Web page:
The International Chamber of Shipping (ICS) was one of the key targets for criticism in the report from London-based think tank InfluenceMap, which accused the body, along with other players, of deliberately delaying efforts to reduce shipping CO2 emissions.
The report emerged ahead of the crucial IMO meeting in late October scheduled to address how shipping, which was not included in the Paris Accord, can contribute to reducing CO2 emissions, and the report's fierce criticism focused on two distinct elememts.
First, it claimed that the industry has an unusually large influence on the IMO compared to the influence other sectors have on other UN bodies.
And second, this direct influence has resulted in delayed participation from shipping in the efforts to reduce CO2 emissions, and thereby the sector's lack of impact on work to slow down global warming.
Working against CO2 regulations
In addition to the International Chamber of Shipping, this criticism was also aimed at the two shipping associations Bimco and World Shipping Council (WSC). ShippingWatch has asked the authors to highlight some of the sharpest points of criticism, which the ICS responds to below. Among other things, InfluenceMap criticized the ICS for the following:
- Opposing the introduction of GHG emissions regulation until 2023 onwards (Proposal to Development of a road map to determine a possible IMO fair share contribution, IMO Marine Environment Protection Committee, August 2016)
- Opposing binding GHG emission targets from the International Maritime Organization (Response to reduction of GHG emissions from ships, Elements for inclusion in the IMO Strategy, May 2017)
- Opposing binding GHG emission targets from the International Maritime Organization (Joint response to further development of the structure and identification of core elements of the draft initial IMO strategy on reduction of GHG emissions from ships, September 2017)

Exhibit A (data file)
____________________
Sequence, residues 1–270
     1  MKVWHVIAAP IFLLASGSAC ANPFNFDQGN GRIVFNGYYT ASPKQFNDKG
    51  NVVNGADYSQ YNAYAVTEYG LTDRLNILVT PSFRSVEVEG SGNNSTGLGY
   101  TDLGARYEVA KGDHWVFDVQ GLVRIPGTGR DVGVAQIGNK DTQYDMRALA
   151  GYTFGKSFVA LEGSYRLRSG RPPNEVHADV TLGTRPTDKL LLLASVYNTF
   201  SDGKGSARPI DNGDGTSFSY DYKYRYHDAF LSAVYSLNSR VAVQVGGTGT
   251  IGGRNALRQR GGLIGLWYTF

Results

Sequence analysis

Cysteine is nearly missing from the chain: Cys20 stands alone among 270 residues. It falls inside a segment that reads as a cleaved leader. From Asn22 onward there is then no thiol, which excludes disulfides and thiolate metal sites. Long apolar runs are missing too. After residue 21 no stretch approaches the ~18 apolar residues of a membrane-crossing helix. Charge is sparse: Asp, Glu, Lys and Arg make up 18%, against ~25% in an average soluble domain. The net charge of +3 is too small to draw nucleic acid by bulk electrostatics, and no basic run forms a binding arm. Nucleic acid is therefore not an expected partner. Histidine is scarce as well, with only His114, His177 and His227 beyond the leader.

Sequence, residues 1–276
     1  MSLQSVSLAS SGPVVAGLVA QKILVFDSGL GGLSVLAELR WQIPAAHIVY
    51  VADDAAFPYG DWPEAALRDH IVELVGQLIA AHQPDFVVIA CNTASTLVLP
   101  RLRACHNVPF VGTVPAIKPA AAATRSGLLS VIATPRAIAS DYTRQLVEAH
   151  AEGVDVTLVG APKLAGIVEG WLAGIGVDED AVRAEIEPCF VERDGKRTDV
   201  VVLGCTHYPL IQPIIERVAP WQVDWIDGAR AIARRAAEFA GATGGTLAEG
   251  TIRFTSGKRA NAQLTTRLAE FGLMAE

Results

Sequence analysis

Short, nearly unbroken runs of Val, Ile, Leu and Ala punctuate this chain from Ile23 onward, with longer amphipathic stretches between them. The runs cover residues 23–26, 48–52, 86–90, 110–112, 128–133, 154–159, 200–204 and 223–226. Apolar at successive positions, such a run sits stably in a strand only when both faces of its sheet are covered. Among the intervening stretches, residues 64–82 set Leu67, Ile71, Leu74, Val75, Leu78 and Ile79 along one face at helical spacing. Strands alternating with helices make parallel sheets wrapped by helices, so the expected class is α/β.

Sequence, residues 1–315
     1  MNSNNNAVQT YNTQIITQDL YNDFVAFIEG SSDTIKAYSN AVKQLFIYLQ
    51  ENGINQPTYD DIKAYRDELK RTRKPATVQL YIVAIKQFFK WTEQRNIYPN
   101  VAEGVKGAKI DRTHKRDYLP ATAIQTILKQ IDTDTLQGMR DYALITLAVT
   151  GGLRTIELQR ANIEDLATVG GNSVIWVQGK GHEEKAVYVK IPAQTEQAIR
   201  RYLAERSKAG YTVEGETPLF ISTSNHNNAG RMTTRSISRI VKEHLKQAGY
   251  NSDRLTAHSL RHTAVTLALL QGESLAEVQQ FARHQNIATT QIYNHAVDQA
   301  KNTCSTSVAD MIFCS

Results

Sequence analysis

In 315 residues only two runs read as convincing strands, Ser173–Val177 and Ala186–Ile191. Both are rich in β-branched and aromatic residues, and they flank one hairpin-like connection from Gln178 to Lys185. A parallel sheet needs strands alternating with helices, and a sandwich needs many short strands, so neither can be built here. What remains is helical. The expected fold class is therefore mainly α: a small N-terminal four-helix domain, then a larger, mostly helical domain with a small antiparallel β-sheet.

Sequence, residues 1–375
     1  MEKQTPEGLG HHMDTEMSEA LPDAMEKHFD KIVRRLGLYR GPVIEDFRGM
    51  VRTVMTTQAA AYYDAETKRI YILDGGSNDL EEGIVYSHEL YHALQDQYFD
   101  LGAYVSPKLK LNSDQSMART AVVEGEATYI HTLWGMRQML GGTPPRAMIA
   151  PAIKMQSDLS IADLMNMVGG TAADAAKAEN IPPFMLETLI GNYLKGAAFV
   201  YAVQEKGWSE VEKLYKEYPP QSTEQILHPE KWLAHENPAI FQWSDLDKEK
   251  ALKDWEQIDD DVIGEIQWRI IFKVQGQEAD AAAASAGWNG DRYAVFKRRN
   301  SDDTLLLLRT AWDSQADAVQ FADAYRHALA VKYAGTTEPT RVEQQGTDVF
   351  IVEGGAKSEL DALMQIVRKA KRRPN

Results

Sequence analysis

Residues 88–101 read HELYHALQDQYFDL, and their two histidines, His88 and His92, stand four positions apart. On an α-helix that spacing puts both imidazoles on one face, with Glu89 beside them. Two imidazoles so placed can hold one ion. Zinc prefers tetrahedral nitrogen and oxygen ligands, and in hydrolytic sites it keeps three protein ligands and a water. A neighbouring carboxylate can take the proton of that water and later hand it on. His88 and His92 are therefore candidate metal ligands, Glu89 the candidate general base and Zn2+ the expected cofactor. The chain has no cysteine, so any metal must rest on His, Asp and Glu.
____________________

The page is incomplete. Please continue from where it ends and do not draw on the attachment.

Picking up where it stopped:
- Not supporting raising the ambitions of the EEDI (Transcript of BIMCO statement at the International Maritime Organization, MEPC 70, October 2016)
- Directly advocating to policy makers to oppose operational energy efficiency standards for shipping (Response to Policy and Practical Issues that arise with Mandatory Operational Efficiency Standards, March 2015)
Below is the response from the International Chamber of Shipping:
"The recent report by InfluenceMap was a cleverly timed stunt, coinciding with a critical UN IMO meeting which continued the development of a comprehensive strategy for the reduction of the sector’s CO2 emissions.
This PR stunt was organised with the assistance of environmental NGOs, as part of what is otherwise their legitimate campaign to highlight the importance of cutting GHG emissions from international shipping.
ICS had never heard of InfluenceMap. Interestingly it seems it shares the same London address as a plethora of other climate related NGOs. It also made an appearance at the IMO meeting, with a representative embedded with the large Clean Shipping Coalition delegation. This is the umbrella group for various green NGOs which participate at IMO meetings, who enjoy the same opportunities to influence Member States’ discussions as industry trade associations such as ICS.
The InfluenceMap report provided an entertaining distraction for IMO delegates who were immersed in extremely complex negotiations. ICS was actually flattered that it is perceived to be so influential. If only this was true!
However, it is simply not in the interests of the industry to delay progress at IMO. The principal objective of ICS is to ensure that IMO remains in control by developing a credible GHG strategy. Otherwise the industry will be confronted with chaos.
If Member States fail to deliver a comprehensive GHG strategy that is suitably ambitious, the industry will be faced with a deluge of regional regulation. And not just from the European Union. In North America, for example, in the absence of robust global measures, individual U.S. States or Canadian Provinces will almost certainly seek to apply unilateral CO2 reduction measures to visiting ships, potentially creating huge market distortion.
The suggestion that industry participation at IMO meetings somehow hinders Member States from reaching agreements that will deliver lower CO2 emissions is total nonsense.
It is true that ICS does not support a binding cap on the sector’s total CO2 emissions, given that the future total emissions from international shipping will largely be determined by demand for maritime services, over which the industry has no control.